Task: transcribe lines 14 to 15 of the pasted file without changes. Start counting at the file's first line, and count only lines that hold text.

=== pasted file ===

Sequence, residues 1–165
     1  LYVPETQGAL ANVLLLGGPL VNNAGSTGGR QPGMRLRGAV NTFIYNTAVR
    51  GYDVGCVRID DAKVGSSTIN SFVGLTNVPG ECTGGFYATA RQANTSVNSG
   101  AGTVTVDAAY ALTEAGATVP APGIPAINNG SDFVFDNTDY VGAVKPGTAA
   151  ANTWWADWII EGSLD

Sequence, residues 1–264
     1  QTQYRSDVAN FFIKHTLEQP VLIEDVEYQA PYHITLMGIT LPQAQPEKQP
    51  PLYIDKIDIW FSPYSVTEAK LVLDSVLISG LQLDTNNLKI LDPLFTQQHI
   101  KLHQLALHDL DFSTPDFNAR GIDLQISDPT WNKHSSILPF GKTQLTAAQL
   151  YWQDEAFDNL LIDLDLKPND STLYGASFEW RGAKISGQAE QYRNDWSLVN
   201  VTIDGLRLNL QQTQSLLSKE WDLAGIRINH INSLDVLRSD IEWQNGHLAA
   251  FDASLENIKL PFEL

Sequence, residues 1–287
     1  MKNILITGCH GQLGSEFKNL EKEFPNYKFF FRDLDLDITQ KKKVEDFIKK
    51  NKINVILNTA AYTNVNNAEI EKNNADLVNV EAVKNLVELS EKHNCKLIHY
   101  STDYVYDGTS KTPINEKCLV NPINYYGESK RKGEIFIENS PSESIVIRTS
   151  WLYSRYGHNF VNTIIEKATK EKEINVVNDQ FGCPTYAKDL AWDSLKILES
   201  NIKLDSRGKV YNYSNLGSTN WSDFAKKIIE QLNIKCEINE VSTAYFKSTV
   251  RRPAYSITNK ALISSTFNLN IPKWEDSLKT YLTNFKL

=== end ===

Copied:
     1  MKNILITGCH GQLGSEFKNL EKEFPNYKFF FRDLDLDITQ KKKVEDFIKK
    51  NKINVILNTA AYTNVNNAEI EKNNADLVNV EAVKNLVELS EKHNCKLIHY